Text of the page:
27 February 2010


It was my mother's 76th birthday this week.  I went to bed with her in my heart and in my head, and I woke to thoughts of how much she would have loved being with her family, in body, at this time in our lives.

You see, my mother passed over 14 years ago.  She had throat cancer.  A couple of dreadful operations and six weeks of radiation therapy didn't stop the cancer returning again and again.  She finally gave up fighting when she heard it was on its way up to her brain. 

I can understand why my mother began smoking.  Truly, I can.  I was around, I saw the advertisements!  You couldn't be one of the 'in' crowd if you weren't a smoker.  It was good for stress, for your throat, for everything...  if you don't believe me, why don't you take a look at this link. Have a read of their 'About Exhibit' page. It explains why so many people of that generation are dying of various smoking related cancers.

Neither my sister nor I smoke.  We never have.  I could never stand the smell of cigarette smoke.  It made me physically ill.  The constant exposure to cigarette smoke also caused me to have many, many bouts of bronchitis and even pneumonia when I was a child. We didn't even know about the dangers of second-hand smoking then! 

I tried to smoke.  Once.  When I first started work for a large insurance company. 'All' the girls smoked (they did, truly) and I was constantly being teased because I didn't.  I eventually gave in to a 'lesson' on smoking.  Two deep draws and I was ill!  Which was more embarrassing than not being a smoker.  I also had a violent headache which lasted for the rest of the day.  So.  No more smoking.  I was constantly nagged to 'keep trying'. Why would I pay good money to feel so sick?  Made no sense to me. Today I can reflect on the fact that somebody must have been looking after me!  I am so grateful that it never became a habit.

Right.  So now we know why our generation felt compelled to smoke.  What I'd like to know is why young girls (sorry, but this is a 'chickie' chirp page so I'm leaving the boys out of this) today are still smoking.  I truly can't understand the logic behind it.  Their generation now know better than ever that smoking kills. And, if it just killed you it wouldn't be that bad... it's how it kills you that is so shocking.

If you've ever valued your looks you would understand the trauma of having to submit to having half your mouth carved away by a surgeon desperate to save your life.  When that operation doesn't work, they'll perform another and then another... your teeth might go, your saliva glands might not work anymore, you might not be able to swallow properly.  You're not looking so cool anymore and you're feeling as though you've woken to hell on earth.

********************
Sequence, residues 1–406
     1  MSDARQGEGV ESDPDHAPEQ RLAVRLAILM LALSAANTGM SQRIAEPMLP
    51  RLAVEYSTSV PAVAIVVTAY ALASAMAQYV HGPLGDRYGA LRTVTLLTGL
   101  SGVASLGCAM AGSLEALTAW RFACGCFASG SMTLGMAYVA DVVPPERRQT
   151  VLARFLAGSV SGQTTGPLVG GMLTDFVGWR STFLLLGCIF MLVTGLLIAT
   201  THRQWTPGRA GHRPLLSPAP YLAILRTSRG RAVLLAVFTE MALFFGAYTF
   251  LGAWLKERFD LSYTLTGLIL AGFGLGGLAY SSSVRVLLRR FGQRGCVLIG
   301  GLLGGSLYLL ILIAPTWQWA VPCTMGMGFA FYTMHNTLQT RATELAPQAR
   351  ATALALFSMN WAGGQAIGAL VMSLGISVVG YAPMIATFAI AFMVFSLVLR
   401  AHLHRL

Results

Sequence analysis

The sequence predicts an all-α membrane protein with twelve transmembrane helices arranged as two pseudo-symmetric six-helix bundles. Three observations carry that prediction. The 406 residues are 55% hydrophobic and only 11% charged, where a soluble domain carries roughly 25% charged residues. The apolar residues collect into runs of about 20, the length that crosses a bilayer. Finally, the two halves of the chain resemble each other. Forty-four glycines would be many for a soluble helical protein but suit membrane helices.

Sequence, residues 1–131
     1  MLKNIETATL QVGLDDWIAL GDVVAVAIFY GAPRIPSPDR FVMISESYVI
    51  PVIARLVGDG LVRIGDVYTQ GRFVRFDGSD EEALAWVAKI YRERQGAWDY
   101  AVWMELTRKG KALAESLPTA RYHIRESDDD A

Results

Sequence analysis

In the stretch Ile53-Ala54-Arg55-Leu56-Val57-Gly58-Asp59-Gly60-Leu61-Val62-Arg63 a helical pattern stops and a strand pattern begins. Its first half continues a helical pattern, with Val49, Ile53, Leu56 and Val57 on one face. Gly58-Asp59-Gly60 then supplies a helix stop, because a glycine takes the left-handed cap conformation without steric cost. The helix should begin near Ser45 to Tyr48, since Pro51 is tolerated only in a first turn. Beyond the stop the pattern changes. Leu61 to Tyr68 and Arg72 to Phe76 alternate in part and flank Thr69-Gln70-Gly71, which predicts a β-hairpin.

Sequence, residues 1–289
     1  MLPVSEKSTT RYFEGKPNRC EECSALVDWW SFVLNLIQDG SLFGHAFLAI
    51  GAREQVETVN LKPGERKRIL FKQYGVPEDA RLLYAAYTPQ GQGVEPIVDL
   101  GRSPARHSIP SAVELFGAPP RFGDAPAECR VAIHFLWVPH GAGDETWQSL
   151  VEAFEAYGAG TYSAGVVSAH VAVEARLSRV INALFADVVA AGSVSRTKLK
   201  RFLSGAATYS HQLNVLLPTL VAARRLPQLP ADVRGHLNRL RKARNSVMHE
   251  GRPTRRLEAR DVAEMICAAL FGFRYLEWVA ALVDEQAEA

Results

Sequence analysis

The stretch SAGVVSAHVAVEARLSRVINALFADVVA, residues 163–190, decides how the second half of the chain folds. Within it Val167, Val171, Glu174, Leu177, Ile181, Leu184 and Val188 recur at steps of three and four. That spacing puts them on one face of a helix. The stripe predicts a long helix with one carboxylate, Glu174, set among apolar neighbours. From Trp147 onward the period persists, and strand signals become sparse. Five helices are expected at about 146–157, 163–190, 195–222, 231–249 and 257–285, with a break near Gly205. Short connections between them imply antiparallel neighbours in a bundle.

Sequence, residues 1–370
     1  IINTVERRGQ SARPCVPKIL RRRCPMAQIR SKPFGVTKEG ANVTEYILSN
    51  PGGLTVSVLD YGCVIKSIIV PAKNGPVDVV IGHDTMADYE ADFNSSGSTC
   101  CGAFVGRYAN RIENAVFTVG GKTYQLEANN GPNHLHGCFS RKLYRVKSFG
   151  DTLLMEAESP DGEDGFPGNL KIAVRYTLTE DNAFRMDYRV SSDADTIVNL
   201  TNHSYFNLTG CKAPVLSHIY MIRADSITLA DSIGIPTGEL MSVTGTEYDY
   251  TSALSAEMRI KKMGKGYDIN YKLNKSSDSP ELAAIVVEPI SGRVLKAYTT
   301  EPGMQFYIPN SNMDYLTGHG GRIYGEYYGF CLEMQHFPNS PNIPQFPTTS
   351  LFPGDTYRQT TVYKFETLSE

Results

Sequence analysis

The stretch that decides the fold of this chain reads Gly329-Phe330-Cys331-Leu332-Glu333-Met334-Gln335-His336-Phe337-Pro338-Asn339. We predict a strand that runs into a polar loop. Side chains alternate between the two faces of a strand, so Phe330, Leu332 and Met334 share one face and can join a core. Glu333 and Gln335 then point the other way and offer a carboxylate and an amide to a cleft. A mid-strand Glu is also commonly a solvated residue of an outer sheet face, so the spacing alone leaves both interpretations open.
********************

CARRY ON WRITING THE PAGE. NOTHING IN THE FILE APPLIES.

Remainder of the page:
Smoking also makes you STINK.  Stale cigarette smoke on the most expensive suit smells no different to what it would on an old rag.  Smoking makes your hair STINK too.  So what if you paid hundreds of good dollars to have the best cut and colour?  Expensive perfume + cigarette smoke = STINK.  So what is the point?  Sticking it to the establishment?  Hey, our generation have 'been there and done that'... you're not impressing us.  Hell, most of us don't apparently seem to care either! 

There's an advert on Australian TV at the moment.  It asks how a mother feels when she has to tell her children she has cancer.

If you're a young girl who's just getting into the addictive business of smoking, this is a good time to ask yourself a few questions.  Do you want children 'one-day'?  Why do you want children?  Will you love and cherish them?  Do you want the best for them? Do you want to watch them grow up to have families of their own?  Will you be around if you don't stop smoking?

You see, life is about a series of choices we make.  The choices we make today affect tomorrow.  That's just how it is.  We are each of us responsible for our own destiny.  We create our reality.  Why would you choose to create a living hell for your family and yourself?  Oh, right... I forgot!!!  You can stop whenever you want to.  You're in control. Of course!

I miss my mother.  I miss her voice on the telephone, I miss her arms around me.  I miss her long, chatty letters.  I wish she was still around to see what lovely human beings her grandchildren have become.  I wish she could have held her great-grandchildren in her arms.  I know how much she loved us all and I know how much she would have loved to be here today.

I believe that what my mother went through has to make a difference, it has to have taught us all something. It can't all have been for 'nothing'!  So, please be patient with me if I ask you whether you really need that cigarette...  I ask because I care.

April Blackbird

1 comment:

Anonymous said...

I agree! It's such a horrible habit that effects everyone around you. I really can't stand the smell of stale cigarette smoke on peoples' clothes and on their breath. It actually puts me off going to pubs in Europe.